Basically, if two particles are placed with no other interaction between them, the distance between them will increase.
Imagine living on the surface of a balloon which is being blown up. Your size stays fixed, because you're more or less rigid, but items not attached to you will move further away. Your ruler, another rigid body, stays fixed in size (though it may bend to accommodate the new curvature — this isn't so important). But two rulers (which are not attached to each other) move further away.
...also, if everything, including all our measurement devices expands at the same speed, how can we determine the fact it's expanding? :D
On the outset this seems true, however there are other forces at play here. Our measurement devices are held together by electromagnetic interactions, and the strength of these will not change. So the measurement device will hold itself together.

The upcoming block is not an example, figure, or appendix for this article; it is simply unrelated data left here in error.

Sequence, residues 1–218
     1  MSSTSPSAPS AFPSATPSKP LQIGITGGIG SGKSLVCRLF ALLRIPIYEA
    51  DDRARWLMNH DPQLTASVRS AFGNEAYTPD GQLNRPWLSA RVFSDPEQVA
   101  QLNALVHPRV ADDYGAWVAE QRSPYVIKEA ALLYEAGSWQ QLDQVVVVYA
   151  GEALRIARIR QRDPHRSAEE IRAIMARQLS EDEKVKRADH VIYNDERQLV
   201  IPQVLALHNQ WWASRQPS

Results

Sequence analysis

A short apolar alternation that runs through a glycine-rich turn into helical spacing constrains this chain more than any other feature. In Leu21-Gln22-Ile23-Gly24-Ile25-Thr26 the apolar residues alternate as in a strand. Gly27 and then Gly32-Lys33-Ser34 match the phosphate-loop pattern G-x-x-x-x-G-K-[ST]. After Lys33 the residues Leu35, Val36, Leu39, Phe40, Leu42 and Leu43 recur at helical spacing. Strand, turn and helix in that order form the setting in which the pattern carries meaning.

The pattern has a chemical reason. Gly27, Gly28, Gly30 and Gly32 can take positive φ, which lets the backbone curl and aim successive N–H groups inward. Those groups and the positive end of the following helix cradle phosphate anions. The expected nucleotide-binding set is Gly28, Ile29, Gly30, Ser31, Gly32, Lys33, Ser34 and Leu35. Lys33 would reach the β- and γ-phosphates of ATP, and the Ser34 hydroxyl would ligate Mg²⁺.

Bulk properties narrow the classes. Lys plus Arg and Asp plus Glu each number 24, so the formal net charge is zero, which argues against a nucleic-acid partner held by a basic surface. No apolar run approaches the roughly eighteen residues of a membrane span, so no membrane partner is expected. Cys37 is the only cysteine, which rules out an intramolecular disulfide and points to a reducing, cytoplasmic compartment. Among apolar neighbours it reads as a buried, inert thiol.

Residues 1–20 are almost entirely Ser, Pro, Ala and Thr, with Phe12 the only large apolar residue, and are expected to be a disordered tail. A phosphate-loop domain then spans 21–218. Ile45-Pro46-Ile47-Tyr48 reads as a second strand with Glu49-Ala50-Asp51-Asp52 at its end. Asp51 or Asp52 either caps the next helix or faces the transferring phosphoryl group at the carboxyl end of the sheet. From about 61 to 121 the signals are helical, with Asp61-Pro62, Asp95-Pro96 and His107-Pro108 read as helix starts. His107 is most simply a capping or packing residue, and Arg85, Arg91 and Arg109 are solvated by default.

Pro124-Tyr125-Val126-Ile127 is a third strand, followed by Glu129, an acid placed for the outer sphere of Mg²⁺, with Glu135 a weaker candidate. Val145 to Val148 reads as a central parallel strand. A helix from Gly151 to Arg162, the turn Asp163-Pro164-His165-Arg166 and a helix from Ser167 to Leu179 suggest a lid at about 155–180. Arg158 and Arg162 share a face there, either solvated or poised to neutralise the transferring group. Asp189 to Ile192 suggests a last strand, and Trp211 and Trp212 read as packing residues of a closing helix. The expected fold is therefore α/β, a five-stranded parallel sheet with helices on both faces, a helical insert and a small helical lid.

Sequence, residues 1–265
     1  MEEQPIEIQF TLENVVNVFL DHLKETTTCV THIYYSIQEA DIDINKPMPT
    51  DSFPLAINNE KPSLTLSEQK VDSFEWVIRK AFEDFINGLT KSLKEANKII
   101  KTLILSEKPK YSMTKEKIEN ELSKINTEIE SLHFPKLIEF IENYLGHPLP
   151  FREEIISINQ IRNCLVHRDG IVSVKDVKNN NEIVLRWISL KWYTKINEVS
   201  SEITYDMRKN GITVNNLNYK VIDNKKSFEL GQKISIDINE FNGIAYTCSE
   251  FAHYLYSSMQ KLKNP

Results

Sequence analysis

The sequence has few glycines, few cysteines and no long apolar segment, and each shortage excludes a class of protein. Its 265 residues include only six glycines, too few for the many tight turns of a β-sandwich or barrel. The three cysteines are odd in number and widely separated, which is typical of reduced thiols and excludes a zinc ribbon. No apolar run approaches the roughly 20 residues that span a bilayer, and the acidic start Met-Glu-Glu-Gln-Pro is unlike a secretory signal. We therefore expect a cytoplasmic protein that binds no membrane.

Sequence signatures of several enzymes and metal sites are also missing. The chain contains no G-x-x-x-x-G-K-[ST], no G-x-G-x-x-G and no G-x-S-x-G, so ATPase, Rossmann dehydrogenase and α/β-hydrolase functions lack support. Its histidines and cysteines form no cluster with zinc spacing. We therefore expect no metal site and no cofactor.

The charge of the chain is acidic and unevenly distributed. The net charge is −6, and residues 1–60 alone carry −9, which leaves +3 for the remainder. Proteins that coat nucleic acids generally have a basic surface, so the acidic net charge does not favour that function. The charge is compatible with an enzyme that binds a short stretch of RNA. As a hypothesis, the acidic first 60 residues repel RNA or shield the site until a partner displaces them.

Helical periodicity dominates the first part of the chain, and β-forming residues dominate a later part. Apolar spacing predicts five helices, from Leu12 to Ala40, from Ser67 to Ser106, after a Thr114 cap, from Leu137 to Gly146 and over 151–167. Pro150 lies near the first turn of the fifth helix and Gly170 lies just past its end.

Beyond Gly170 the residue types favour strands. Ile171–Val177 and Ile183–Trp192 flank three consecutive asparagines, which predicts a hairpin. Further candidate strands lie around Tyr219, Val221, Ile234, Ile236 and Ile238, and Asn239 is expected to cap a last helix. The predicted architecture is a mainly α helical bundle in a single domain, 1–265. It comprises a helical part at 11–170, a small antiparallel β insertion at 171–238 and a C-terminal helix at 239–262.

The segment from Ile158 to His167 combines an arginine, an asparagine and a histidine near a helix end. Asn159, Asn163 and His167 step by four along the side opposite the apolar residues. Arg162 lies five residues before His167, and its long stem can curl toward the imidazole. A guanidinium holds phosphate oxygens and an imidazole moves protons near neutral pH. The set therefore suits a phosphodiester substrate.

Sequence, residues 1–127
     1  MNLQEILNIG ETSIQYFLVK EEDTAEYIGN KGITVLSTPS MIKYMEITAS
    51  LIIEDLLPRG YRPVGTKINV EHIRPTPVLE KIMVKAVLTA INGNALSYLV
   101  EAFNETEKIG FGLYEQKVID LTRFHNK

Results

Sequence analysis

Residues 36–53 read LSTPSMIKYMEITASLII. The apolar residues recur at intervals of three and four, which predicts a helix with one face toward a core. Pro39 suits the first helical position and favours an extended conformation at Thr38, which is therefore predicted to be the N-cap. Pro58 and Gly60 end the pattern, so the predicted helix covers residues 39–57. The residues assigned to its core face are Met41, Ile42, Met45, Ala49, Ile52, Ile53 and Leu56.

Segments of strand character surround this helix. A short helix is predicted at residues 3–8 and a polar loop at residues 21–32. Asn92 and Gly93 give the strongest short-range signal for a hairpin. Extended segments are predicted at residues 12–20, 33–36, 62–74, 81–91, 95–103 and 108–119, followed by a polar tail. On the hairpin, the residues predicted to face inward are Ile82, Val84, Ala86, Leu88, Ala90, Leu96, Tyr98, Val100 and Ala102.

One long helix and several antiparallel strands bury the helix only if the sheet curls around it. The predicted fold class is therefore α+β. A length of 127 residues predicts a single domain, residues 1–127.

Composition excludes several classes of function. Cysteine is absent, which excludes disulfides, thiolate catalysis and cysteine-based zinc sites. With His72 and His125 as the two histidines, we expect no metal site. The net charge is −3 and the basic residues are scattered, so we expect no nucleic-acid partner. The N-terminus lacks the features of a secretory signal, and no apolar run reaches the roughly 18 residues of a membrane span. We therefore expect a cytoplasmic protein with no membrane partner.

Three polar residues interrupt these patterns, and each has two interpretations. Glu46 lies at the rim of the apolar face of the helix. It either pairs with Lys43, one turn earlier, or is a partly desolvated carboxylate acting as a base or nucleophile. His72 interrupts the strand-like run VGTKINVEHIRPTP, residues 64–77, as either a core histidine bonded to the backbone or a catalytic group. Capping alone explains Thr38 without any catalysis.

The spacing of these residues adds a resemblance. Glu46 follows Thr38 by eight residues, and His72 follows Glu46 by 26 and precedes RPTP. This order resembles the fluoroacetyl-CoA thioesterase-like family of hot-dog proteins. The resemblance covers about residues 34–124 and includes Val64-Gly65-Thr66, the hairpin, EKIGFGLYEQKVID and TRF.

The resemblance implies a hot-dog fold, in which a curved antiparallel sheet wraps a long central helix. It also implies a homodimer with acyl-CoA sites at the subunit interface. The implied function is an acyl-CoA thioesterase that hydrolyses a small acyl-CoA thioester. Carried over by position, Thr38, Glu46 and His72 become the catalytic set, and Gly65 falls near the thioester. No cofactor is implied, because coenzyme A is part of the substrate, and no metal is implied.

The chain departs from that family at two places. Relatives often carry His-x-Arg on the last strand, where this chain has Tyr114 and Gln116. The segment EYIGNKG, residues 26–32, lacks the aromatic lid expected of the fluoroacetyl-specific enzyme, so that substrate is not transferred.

Imagine two faraway atoms. When space expands, the distance between the two atoms increases. However, the size1 of the atom does not — this is determined by electrostatic equilibrium (and quantum mechanical considerations), and this remains unaffected. Even if the atom was stretched, it would rebound.
This scales up to measurement devices, so they don't get distorted either. Indeed, the expansion of space only really makes sense when you look at galaxies — these are pretty far away (when not in the same supercluster) and they don't have any interactions maintaining an equilibrium distance between them.
1. Whatever closest analog we have to "size" for atoms; eg the area which contains 99% of the charge density; or the nth Bohr radius.